Natalie, Zoie and Emory at Rocky Mountain National Park in Colorado

3. Make sure your group has the same budget in mind from the beginning

Following our breathtaking hike on Sunday morning, we drove an hour and a half to Fort Collins, Co., which was our first planned stop of the trip. One of my best friends from college lives there. We arranged to stay with her and her boyfriend for the week. Fort Collins is near Denver, so throughout the week we went into the capital city for various activities. I encourage groups to know their budget before the trip. This allows activities to be prioritized or for compromises to be made. For example we were in town during the MLB All-Star Game. The tickets to the game were super expensive, but my husband is a huge baseball fan. To ensure that he got the experience without breaking the bank, we went to Denver and explored all the surrounding festivities and watched the game in a massive green space near the ballpark. Alternatively, everyone in the group was eager to go to Red Rocks. Therefore, each of us planned on spending money to experience a Caamp concert at the renowned venue, which lived up to the hype! For food we split our time between cooking at home or going out for meals and drinks.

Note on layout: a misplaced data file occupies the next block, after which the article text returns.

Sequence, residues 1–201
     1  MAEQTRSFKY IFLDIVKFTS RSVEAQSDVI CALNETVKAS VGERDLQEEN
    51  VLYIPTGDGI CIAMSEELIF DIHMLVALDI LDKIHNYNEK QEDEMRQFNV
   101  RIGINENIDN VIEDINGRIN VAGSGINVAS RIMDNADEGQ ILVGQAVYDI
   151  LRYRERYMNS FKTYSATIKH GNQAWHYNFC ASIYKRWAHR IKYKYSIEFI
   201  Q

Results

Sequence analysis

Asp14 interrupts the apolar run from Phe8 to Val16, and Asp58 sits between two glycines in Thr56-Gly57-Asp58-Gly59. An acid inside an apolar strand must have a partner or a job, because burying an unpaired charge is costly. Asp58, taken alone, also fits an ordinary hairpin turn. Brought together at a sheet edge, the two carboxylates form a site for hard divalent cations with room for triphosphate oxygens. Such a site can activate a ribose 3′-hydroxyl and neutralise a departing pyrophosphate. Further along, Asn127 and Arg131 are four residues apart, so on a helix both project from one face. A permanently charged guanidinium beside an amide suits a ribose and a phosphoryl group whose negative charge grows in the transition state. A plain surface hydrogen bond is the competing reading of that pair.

Taking a picture in the Bay Area with friends

4. Prepare for the climate you will be in